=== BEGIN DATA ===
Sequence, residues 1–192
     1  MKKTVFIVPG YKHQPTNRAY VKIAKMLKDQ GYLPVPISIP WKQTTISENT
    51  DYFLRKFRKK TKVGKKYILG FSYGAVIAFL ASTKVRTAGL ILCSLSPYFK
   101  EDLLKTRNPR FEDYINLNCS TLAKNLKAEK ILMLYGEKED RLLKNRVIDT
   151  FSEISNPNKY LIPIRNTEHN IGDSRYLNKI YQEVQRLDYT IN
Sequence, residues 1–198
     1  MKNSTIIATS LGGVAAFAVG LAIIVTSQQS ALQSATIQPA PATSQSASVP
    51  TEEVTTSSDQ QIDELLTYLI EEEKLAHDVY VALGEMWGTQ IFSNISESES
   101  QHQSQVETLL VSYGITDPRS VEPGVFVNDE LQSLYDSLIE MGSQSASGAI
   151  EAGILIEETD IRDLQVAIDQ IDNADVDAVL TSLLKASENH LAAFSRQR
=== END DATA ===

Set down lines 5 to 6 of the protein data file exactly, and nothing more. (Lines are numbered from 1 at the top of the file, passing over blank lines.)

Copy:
   151  FSEISNPNKY LIPIRNTEHN IGDSRYLNKI YQEVQRLDYT IN
Sequence, residues 1–198